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Boundary-Layer Meteorology

, Volume 156, Issue 3, pp 489–499 | Cite as

On the Application of the Priestley–Taylor Relation on Sub-daily Time Scales

  • Xiaofeng Guo
  • Heping Liu
  • Kun Yang
Notes and Comments

Abstract

Based on observations over a reservoir and a glacier, we investigate the sub-daily variations in the Priestley–Taylor parameter \(\alpha \) for saturated surfaces. According to the sign of the eddy-covariance fluxes of sensible heat \((H)\) and latent heat \((LE)\) (positive and negative for upward and downward transfer, respectively), measurements are organized into three heat-flux regimes. In regimes I \((H>0;\, LE>0)\) and II \((H<0;\, LE>0)\) over the water, 30-min retrievals of \(\alpha \) vary within the ranges of 1.00–1.32 and 1.24–2.04, respectively, and over glacial ice/snow surfaces, \(\alpha \) appears more variable: \(\alpha <-0.10\) and \(\alpha >1.70\) in regime II, and \(0.08<\alpha <1.0\) in regime III \((H<0;\, LE<0)\). Such variations in \(\alpha \) have practical implications for the application of the Priestley–Taylor relation on a sub-daily time scale. When adopted for estimating latent heat fluxes over this reservoir, the rule-of-thumb \(\alpha \) value of 1.26 leads to overestimates and underestimates in regimes I and II, respectively. Moreover, despite adopting locally calibrated \(\alpha \) values over the ice/snow surfaces, the Priestley–Taylor relation is found to produce significant errors in both regimes II and III, and thus is considered largely inapplicable for reliable estimations of sublimation and deposition.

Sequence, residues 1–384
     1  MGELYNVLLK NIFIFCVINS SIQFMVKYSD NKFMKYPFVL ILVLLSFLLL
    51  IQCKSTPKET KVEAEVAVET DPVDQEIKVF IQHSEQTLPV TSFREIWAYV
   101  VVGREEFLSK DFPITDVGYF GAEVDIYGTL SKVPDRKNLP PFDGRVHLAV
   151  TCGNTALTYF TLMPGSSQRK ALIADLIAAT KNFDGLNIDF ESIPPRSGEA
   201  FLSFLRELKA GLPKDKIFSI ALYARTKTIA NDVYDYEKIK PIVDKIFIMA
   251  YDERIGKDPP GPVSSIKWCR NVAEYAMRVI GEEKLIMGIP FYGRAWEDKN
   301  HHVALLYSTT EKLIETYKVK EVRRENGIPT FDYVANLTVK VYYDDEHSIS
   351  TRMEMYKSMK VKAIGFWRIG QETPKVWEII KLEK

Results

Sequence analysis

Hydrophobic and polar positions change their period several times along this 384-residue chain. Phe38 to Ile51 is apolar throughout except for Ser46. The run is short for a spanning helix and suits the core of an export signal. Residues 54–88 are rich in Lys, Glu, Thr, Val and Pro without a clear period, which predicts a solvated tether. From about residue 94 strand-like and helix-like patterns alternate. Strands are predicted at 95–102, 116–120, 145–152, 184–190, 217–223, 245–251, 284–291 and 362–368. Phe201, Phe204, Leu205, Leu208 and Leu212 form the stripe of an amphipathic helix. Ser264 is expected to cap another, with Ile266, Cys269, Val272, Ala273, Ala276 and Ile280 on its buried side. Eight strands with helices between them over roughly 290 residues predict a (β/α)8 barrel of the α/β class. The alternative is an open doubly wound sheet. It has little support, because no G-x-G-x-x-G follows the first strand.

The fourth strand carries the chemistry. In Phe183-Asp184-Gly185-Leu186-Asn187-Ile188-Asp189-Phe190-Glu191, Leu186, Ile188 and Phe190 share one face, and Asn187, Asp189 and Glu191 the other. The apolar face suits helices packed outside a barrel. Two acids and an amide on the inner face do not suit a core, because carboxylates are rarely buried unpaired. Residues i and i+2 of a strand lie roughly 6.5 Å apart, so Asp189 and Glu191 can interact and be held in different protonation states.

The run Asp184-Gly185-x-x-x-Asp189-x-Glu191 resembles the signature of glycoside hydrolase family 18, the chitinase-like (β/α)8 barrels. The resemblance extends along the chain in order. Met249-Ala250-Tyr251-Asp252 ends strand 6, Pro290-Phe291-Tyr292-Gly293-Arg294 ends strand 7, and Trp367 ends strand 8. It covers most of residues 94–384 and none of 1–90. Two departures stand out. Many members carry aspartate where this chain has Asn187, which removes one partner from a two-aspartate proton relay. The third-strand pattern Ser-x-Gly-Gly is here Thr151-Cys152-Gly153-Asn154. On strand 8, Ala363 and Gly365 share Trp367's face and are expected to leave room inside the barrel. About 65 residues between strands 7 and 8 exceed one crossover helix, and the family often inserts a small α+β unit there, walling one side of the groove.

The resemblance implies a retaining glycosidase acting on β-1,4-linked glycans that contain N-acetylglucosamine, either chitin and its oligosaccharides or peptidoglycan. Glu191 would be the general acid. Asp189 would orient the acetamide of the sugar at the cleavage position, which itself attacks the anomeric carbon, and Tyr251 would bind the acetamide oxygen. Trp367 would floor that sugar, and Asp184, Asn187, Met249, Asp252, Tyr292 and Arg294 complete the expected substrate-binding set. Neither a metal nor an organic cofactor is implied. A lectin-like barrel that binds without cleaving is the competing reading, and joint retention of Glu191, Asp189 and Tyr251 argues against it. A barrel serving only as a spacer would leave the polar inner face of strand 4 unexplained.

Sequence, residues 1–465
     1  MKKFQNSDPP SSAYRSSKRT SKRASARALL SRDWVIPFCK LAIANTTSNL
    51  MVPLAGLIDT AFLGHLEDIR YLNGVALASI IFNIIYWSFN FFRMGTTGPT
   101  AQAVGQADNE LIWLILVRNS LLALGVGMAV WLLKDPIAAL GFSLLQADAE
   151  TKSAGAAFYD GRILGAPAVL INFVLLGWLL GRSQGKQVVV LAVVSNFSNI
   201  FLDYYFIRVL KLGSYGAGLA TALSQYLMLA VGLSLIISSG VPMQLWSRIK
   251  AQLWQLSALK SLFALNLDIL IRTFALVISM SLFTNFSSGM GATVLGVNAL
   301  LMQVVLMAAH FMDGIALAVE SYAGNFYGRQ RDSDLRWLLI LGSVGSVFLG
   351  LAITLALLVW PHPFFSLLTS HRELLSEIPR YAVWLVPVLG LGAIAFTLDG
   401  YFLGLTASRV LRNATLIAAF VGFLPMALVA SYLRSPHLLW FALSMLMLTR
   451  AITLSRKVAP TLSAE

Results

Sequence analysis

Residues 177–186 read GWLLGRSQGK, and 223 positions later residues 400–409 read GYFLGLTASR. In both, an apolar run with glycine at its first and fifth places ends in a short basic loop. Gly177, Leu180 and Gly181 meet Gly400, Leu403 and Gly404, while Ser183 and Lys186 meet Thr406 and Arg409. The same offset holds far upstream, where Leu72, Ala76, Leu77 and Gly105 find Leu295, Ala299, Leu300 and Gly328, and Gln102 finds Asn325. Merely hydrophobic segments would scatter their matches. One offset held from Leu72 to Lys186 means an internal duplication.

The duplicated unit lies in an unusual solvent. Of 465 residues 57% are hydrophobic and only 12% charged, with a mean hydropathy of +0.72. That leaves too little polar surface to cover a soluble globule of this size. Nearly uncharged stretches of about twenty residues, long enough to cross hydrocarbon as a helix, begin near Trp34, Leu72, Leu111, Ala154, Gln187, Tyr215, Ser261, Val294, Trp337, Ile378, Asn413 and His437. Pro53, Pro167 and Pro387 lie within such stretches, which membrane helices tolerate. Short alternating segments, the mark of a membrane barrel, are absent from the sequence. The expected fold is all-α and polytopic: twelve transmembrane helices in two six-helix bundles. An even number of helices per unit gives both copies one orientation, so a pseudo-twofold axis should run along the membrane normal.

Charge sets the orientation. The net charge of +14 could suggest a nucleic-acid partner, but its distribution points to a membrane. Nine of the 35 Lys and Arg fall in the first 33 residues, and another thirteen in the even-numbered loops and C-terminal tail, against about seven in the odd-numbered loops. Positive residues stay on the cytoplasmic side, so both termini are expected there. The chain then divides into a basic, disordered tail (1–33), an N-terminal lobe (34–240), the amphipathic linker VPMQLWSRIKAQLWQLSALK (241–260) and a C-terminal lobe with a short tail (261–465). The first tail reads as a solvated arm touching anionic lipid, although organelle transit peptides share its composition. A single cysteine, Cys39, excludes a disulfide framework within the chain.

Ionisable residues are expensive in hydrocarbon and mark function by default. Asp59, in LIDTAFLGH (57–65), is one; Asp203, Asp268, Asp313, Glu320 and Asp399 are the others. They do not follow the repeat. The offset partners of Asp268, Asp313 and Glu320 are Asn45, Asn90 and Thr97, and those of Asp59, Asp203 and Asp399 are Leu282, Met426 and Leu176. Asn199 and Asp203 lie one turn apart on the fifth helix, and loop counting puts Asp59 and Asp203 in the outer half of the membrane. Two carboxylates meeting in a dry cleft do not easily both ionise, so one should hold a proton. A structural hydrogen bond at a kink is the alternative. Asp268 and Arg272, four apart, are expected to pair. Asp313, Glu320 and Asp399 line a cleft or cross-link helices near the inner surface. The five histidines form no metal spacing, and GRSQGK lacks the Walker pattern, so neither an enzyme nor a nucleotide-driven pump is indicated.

Keywords

Evaporation Priestley–Taylor relation Sublimation and deposition  Water, ice, and snow Water resources 

Notes

Acknowledgments

Grateful thanks are due to two anonymous reviewers who provided insightful critiques on a full-length version of this article. This study is funded by the National Natural Science Foundation of China (Grant 41190083), National Science Foundation (Grant AGS-1112938), National Basic Research Program of China (Grant 2014CB447900), and National High Technology Research and Development Program (Grant 2014AA06A512). Wei Yang, Shenghai Li, and Long Zhao (Institute of Tibetan Plateau Research, Chinese Academy of Sciences) provided indispensable assistance in the glacio-meteorological experiment.

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Copyright information

© Springer Science+Business Media Dordrecht 2015

Authors and Affiliations

  1. 1.State Key Laboratory of Atmospheric Boundary Layer Physics and Atmospheric Chemistry, Institute of Atmospheric PhysicsChinese Academy of SciencesBeijingPeople’s Republic of China
  2. 2.Department of Civil and Environmental EngineeringWashington State UniversityPullmanUSA
  3. 3.Key Laboratory of Tibetan Environment Changes and Land Surface Processes, Institute of Tibetan Plateau ResearchChinese Academy of SciencesBeijingPeople’s Republic of China
  4. 4.CAS Center for Excellence and Innovation in Tibetan Plateau Earth System SciencesChinese Academy of SciencesBeijingPeople’s Republic of China

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